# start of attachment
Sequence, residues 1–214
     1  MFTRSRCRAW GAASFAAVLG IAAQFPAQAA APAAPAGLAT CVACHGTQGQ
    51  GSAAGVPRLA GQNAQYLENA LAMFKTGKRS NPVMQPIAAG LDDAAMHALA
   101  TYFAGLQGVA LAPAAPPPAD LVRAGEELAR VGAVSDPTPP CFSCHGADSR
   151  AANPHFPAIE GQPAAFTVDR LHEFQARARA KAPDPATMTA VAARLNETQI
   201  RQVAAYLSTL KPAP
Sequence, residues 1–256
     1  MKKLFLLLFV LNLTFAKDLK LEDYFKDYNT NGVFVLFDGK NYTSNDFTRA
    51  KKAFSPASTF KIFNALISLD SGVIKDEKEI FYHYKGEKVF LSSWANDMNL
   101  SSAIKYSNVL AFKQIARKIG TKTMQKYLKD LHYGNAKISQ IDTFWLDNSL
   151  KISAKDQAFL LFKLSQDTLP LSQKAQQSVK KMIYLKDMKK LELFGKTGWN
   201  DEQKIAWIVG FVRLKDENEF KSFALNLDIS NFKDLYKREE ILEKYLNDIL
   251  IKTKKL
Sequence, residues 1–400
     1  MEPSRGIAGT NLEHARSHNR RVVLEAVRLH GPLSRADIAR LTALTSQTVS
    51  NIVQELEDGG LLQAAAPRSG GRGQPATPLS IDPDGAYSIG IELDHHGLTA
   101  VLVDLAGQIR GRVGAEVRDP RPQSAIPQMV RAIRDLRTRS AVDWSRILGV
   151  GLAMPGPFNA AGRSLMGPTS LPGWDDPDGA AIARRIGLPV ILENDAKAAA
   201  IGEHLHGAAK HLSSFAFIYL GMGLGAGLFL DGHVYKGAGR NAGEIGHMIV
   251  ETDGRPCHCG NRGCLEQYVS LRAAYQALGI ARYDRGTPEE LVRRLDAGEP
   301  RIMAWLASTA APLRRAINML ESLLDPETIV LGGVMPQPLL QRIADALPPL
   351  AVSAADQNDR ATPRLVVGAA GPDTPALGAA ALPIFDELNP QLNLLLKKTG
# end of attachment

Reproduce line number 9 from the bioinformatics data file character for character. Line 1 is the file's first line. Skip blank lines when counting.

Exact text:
    51  KKAFSPASTF KIFNALISLD SGVIKDEKEI FYHYKGEKVF LSSWANDMNL